An engulfing chart pattern is a candlestick formation that usually appears before a trend reversal. This pattern consists of two candlesticks, the first of which is smaller and is completely “engulfed” by the second one. Engulfing patterns are easier to spot on a chart, and they can help traders find the best moment to enter the market.
In this article you will learn about bullish and bearish engulfing patterns, what the so-called last engulfing pattern is and how you can use it, and the main pros and cons of using engulfing patterns in trading.
Bullish engulfing pattern
A bullish engulfing pattern is a type of engulfing candlestick pattern that occurs during a downtrend and signals a potential reversal of price movement and the beginning of an uptrend.
A bullish engulfing pattern consists of two candlesticks.
The first candlestick of the formation is a red candlestick, meaning that an asset’s price has closed below the opening price. The second candlestick, however, is green and shows that the price has opened lower than the preceding candle’s closing price and closed higher than the previous opening price. The body of the first candlestick is small while the body of the second candlestick is bigger and completely overlaps the first candlestick. This signals that, despite a steady downward movement of the price, the buyers start pushing back, causing the price of an asset to reverse and begin an upward movement.
Traders use a bullish engulfing pattern to discover the best time to open a long position. It’s also believed that a bullish engulfing pattern is more reliable if it’s preceded by several small candlesticks, indicating that the price has been at a standstill for a while before reversing. Bullish engulfing patterns can also act as trend confirmation indicators if they occur in an uptrend.
On the chart below you can see several bullish engulfing patterns. The first one occurred after a longer downtrend, signaling a reversal in the price movement. The second bullish engulfing formed at a later date during an uptrend, confirming the continuation of the upward price movement.
Bearish engulfing pattern
A bearish engulfing pattern is a complete opposite of the bullish engulfing. Bearish engulfing patterns occur during an uptrend and indicate a potential reversal to a downward movement.
Bearish engulfing patterns also consist of two candlesticks. But in this case, the first candlestick is green while the second one is red. The second candlestick is bigger than the preceding one and completely engulfs it, showing that the sellers have overtaken the market and started to push the prices down.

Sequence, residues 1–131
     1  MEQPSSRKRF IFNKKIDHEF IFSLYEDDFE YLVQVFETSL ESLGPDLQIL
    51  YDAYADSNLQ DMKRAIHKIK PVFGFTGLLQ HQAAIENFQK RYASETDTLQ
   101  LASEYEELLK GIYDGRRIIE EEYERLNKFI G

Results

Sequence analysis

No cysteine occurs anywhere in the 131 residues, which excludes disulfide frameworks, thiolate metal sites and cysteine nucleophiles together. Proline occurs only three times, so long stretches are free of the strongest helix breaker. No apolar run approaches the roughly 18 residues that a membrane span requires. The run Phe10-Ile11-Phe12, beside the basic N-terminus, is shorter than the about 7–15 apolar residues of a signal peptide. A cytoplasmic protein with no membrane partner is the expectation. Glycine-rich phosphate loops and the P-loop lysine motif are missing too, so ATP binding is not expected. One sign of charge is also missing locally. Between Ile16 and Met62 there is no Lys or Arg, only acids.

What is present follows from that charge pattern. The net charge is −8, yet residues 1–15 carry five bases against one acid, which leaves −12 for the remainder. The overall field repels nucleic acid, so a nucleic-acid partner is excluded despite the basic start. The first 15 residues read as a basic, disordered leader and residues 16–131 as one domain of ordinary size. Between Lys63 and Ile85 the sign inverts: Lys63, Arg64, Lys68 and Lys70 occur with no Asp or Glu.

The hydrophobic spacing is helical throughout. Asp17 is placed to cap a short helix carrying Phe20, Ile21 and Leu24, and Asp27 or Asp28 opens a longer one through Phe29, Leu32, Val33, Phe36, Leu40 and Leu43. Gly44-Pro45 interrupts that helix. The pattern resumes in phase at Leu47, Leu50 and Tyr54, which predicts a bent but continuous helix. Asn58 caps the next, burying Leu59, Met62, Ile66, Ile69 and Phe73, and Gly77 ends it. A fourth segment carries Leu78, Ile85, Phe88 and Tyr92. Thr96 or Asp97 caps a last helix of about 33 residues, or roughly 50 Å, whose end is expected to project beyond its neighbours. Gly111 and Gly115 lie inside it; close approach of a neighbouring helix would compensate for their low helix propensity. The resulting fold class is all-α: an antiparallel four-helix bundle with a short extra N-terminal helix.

Traders use this pattern to find the best moment to sell the assets they currently hold. A bearish engulfing is more reliable within steady trends; in choppy markets a bearish engulfing has less significance and can’t be relied on for long-term decisions.
This chart illustrates a classic bearish engulfing pattern. You can see how after a steady uptrend a small green candlestick is suddenly engulfed by a large red candlestick, after which the trend immediately gets reversed and begins its descent.
Last engulfing pattern
Another engulfing pattern, though less frequent, is a last engulfing pattern. This pattern has two variants: a last engulfing bottom and a last engulfing top.
A last engulfing bottom occurs at the bottom of a downtrend. This pattern consists of a smaller green candlestick that is followed by a bigger engulfing red candlestick. Note that unlike the previously mentioned patterns, a last engulfing bottom is preceded by red candlesticks. This pattern can either signal a bullish reversal of a trend or the continuation of the bearish trend, so it’s better to wait for a confirmation of the reversal before making any moves.
A last engulfing top is a complete opposite and appears at the top of an uptrend. It includes a red candlestick with a bigger green candlestick following it. The pattern is preceded by several green candlesticks. This pattern also requires a confirmation of the reversal, so don’t rush into any decisions if you find it on the chart.
Advantages of engulfing patterns
- They are easy to find and interpret. If you see a big candlestick that is different in color from the previous smaller ones, you can intuitively guess that it signals a change in price movement direction. Engulfing patterns stand out among other candlesticks on a chart, so even a beginner can spot them and use them to his or her advantage.
- They can be used with other indicators and tools. Engulfing patterns can be used by traders who already used other tools and need additional confirmation of a supposed trend reversal.
- They are relatively accurate. Engulfing patterns have a good track record when it comes to forecasting trend reversals, so they’re generally considered quite reliable.
Disadvantages of engulfing patterns
However, nothing can be 100% accurate. In choppy markets engulfing patterns won’t be of much use. Besides, the second candlestick of an engulfing pattern can be quite big, which can mislead a trader when it comes to putting a price target or a Stop Loss.
Engulfing patterns are one of the easiest-to-spot trend reversal candlestick patterns. They are a great tool to find the best time to enter the market, especially for novice traders. Engulfing patterns are usually pretty accurate, but it’s still useful to apply other methods and indicators to make successful trading decisions.
2023-04-04 • अपडेट किया गया